How a Travel Nurse and a Soldier Found Love
By Suzanne Delzio, contributor
Lacy Holevis was doing just fine as a PICU nurse in her hometown of Chicago when her sister called from North Carolina with a proposition.
Could she hook Lacy up with an Army sergeant on Facebook? Her husband’s friend seemed like a good guy. Lacy could always “unfriend” him...
The Facebook connection led to phone calls that lasted for hours. Lacy had thought those only happened in corny movies. She’d never realized how compatible she could be with another person.
While, granted, their professions were different, trauma impacted them both. After serving three tours in Iraq and Afghanistan, Michael had worked in extreme circumstances that pushed people to their limits. Both military and nursing professionals must act quickly, remember training and remain calm in chaotic, stressful situations where a misstep can mean the loss of life. Quickly, they recognized the amazing amount they could share.
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“Like nurses, deployed soldiers get close to others and may lose them,” Lacy explains. “As a PICU nurse, I end up spending lots of time with families and children. A child may be hospitalized for months. During that time, we laugh, hope, cry and despair together. We run the emotional gamut. Soldiers, too, bond in the most meaningful ways. There aren’t too many careers that are as intense, and we appreciated how we could understand each other’s experiences of loss.”
When Michael got assigned to Joint Base Lewis-McChord in Washington state, Lacy considered travel nursing, a career she first learned about from travel nurses who came to her hospital in Chicago. Always drawn to adventure, Lacy had traveled overseas throughout her nursing career with different organizations to many different countries. Once the prospect of travel nursing became a reality, she chose American Mobile as her placement agency because a travel nurse explained that her AMN recruiter, Dana Bluestone, thoroughly understood the travel nurse’s needs and would work hard to meet them. Bluestone was also flexible and resourceful in finding ideal placements. After the first phone conversation, Lacy knew she had chosen the right organization and the best recruiter.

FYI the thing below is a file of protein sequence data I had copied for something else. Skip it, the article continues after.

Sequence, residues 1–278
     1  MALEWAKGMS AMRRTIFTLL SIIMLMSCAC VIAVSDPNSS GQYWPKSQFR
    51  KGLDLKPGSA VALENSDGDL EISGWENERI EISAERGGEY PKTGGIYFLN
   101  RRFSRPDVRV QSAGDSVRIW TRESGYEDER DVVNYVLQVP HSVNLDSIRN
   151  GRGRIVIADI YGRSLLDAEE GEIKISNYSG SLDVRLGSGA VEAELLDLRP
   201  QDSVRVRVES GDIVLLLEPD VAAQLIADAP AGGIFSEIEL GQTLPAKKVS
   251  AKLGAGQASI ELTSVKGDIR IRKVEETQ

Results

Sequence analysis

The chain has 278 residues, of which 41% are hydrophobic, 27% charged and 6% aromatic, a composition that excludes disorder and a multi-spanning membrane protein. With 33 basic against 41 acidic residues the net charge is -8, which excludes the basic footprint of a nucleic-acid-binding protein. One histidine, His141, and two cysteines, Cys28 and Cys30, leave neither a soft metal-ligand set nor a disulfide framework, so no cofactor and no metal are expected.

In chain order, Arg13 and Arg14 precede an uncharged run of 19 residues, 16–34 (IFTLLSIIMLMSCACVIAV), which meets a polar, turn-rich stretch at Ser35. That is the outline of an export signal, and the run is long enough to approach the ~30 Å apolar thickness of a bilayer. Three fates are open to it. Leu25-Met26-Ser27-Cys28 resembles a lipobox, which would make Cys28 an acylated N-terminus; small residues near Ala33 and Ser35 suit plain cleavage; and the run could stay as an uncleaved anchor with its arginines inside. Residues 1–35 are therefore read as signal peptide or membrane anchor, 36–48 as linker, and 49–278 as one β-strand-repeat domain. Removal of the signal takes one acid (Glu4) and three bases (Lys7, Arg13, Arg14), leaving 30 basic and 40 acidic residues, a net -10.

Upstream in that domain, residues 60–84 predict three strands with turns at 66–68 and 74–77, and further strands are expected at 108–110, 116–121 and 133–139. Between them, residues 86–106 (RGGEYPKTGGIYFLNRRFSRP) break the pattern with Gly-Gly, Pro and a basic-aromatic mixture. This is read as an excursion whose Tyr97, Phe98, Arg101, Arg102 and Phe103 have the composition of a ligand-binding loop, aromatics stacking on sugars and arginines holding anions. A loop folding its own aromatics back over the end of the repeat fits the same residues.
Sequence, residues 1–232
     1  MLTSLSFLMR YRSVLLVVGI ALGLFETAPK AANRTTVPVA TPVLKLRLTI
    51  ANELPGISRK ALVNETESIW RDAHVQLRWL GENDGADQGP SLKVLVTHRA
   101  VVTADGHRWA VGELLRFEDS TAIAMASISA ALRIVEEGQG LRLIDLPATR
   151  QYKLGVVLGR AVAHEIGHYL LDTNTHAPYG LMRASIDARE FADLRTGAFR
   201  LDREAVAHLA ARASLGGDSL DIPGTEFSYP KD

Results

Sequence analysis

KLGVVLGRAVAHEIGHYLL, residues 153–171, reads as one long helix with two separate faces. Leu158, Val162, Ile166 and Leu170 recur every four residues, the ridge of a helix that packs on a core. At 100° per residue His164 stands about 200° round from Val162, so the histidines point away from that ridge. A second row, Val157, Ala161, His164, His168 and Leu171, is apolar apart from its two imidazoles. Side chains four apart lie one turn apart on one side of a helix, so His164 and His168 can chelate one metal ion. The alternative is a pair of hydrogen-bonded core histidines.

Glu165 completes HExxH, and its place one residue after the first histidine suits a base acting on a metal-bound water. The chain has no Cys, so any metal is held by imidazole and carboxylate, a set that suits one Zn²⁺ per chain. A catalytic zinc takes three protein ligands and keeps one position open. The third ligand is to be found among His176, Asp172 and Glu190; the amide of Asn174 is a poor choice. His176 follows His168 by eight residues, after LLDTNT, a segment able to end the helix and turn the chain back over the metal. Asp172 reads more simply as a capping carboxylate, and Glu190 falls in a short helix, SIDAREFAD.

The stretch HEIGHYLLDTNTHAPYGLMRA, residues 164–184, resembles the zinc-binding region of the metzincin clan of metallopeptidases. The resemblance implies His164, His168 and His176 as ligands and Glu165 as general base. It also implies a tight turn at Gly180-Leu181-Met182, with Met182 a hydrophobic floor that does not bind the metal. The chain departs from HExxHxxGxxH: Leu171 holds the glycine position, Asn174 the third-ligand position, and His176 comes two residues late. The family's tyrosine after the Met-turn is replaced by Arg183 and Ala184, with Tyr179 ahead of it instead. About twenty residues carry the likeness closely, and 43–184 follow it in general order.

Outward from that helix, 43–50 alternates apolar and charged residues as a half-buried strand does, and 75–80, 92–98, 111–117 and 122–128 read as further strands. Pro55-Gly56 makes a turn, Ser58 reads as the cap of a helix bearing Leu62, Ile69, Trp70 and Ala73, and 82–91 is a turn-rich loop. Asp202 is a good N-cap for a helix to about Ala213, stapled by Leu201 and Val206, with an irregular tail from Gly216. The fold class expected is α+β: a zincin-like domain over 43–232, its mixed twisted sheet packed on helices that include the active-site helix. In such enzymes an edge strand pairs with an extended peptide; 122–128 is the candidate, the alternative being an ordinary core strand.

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Lacy quickly won an ideal PICU position in Tacoma close to where Michael was stationed. Together, they pursued their love of fitness by training in Jiu-jitsu and kickboxing, running, playing roller hockey, and sea kayaking. She loved Washington state because it was easy to get to both the mountains for snowboarding and the coast. Coming from the Chicago area, she relished the fact that she could pick up a new outdoor activity, hiking. Washington is full of National Parks with dense forests, waterfalls and challenging trails. Breath-taking hikes filled their off-hours.
When Michael was reassigned to California, Lacy had no trouble getting a stint at a nearby hospital. Recently promoted to Sergeant First Class, Michael will be able to stay put in California for three years. After that, Lacy thinks they may consider some time overseas in Germany or Korea, where Lacy has traveled and Michael was stationed before. While it could be tough getting a job in a foreign hospital, Lacy thinks there could be opportunities on base.
With the flexibility travel nursing provides, it’s clear that the military and the medical life mesh well. Personalities drawn to both tend to enjoy travel, meeting new people and exploration. Lacy loves her new assignment and is excited to explore everything California has to offer...until the next adventure comes along!
Ready to consider your next adventure? Simply enter your dream destination city or state here to get a list of the hospitals that need you! Concerned that you don’t have a license for another state? American Mobile pays for your new nursing licenses and facilitates the process. Our recruiters and license specialists know all the tricks for getting licenses all over the United States fast. Check out our clickable map of nursing license information for each state.
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